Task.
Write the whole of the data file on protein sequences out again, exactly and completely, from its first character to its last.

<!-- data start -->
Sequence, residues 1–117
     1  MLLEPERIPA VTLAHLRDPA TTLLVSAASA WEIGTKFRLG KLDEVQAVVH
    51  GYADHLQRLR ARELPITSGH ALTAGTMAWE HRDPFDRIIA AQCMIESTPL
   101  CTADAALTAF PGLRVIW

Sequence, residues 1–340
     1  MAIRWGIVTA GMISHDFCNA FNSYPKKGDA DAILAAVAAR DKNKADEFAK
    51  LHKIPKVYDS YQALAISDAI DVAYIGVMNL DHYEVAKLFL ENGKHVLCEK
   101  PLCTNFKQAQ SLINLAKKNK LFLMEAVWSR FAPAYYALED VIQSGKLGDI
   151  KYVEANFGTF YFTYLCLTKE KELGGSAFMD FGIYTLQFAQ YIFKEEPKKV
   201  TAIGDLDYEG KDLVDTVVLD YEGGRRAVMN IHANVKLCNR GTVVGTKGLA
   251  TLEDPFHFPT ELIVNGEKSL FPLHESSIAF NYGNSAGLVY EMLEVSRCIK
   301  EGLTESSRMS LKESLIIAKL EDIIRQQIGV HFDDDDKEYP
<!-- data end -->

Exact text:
Sequence, residues 1–117
     1  MLLEPERIPA VTLAHLRDPA TTLLVSAASA WEIGTKFRLG KLDEVQAVVH
    51  GYADHLQRLR ARELPITSGH ALTAGTMAWE HRDPFDRIIA AQCMIESTPL
   101  CTADAALTAF PGLRVIW

Sequence, residues 1–340
     1  MAIRWGIVTA GMISHDFCNA FNSYPKKGDA DAILAAVAAR DKNKADEFAK
    51  LHKIPKVYDS YQALAISDAI DVAYIGVMNL DHYEVAKLFL ENGKHVLCEK
   101  PLCTNFKQAQ SLINLAKKNK LFLMEAVWSR FAPAYYALED VIQSGKLGDI
   151  KYVEANFGTF YFTYLCLTKE KELGGSAFMD FGIYTLQFAQ YIFKEEPKKV
   201  TAIGDLDYEG KDLVDTVVLD YEGGRRAVMN IHANVKLCNR GTVVGTKGLA
   251  TLEDPFHFPT ELIVNGEKSL FPLHESSIAF NYGNSAGLVY EMLEVSRCIK
   301  EGLTESSRMS LKESLIIAKL EDIIRQQIGV HFDDDDKEYP